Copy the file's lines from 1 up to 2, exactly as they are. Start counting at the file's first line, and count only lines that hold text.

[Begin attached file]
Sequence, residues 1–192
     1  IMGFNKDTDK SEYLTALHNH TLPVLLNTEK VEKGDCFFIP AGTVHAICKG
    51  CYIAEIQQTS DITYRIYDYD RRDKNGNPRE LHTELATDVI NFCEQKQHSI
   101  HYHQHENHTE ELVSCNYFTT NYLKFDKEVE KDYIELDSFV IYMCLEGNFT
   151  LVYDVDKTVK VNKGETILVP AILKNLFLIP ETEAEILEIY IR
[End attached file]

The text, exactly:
Sequence, residues 1–192
     1  IMGFNKDTDK SEYLTALHNH TLPVLLNTEK VEKGDCFFIP AGTVHAICKG